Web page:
• November 4, 2015

Mentor Spotlight: Mary Lloyd Parks

Higher Achievement Advisory Board Member and Mentor

When Mary Lloyd Parks first heard about a new program called Higher Achievement that was starting in Richmond, she fell in love with the idea that she could work with the same group of scholars during critical years of their life: middle school.  She explains, “I was drawn to the program because I wanted to encourage and support people going through the minefield of middle school. I loved the idea of working with the same scholars for three or four years, with the opportunity to provide consistency for them and to see the impact of the program over time.”

“I see the middle school years as a “tipping point” in just about every young person’s life,” she says. “Each of us comes to recognize our independent self during this period and it is so important to have guidance and high expectations surrounding us as we go through that.”

For Mary Lloyd, being a mentor during such an important period in someone’s life is all about developing relationships and seeing scholars through difficult times. If her scholars are facing challenges, Mary Lloyd views these difficulties as opportunities to help them build and grow into young adults. Through those teaching moments, Mary Lloyd hopes that her scholars develop the confidence to see beyond their current circumstances and remain open to new opportunities. She says, “I want them to be brave enough to confidently commit to working toward anything they put their mind to.”

This notion of building courage in her scholars came to life at last year’s Green Apple Awards graduation ceremony when a scholar she worked with in high school placement was selected to give the graduation speech. As Mary Lloyd watched her scholar proudly stand on stage and use her voice to inspire others, she couldn’t help but think of how the scholar started Higher Achievement: shy, timid, and afraid of public speaking.

Although her original group of scholars have graduated from middle school and moved on to high school, Mary Lloyd still keeps in contact with them regularly. “One scholar is in the extremely competitive regional Governor’s School and two are in highly competitive specialty high schools. All four are maintaining good grades and really enjoying their experiences, including trying lots of new things,” says Mary Lloyd.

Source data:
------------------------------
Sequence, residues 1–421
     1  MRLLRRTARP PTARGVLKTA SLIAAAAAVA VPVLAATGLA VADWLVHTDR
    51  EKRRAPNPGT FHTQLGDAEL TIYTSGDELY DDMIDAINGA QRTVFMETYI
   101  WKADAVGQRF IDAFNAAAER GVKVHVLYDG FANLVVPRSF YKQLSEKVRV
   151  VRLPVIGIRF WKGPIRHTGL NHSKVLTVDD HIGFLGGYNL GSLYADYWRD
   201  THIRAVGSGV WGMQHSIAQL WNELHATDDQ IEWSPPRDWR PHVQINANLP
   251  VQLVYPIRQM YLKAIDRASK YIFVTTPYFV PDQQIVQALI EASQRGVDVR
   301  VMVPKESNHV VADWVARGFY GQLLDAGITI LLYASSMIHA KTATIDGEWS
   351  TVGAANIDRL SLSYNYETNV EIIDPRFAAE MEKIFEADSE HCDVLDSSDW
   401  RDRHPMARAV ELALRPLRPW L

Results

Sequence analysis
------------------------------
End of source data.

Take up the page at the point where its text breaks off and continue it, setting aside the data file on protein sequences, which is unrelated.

Without the experience of Higher Achievement, Mary Lloyd feels her view of the world would be a lot narrower. By building relationships with scholars, she has witnessed firsthand the struggles and perils they go through at home and school on a day-to-day basis. This is why she continues to stay involved with the program five years later as an Advisory Board member and a Chair of the Development Committee of the Advisory Board – in addition to being a mentor. She also voluntarily assists all Richmond scholars as the High School Placement Advisor, making sure they are on the same path to success as her original scholars.


In another 40 years, I see Higher Achievement providing support and guidance to committed middle school students in every state in the country, supported by a host of successful HA alums, who will be the best role models and mentors!

If Higher Achievement was a person, and celebrating their 40th birthday, what kind of party do you think they’d throw? I imagine it would be like a great big family reunion, with staff and alumni and supporters from every city and every decade joyfully celebrating the success of the program! Think of the playlist from those four decades!

Imagine a world where every child has a chance to be part of a program like Higher Achievement. Such a world would be a very happy place! If all children knew they could dream big for themselves and get all the support and encouragement they need along the way to achieving their goals, so many problems would disappear!

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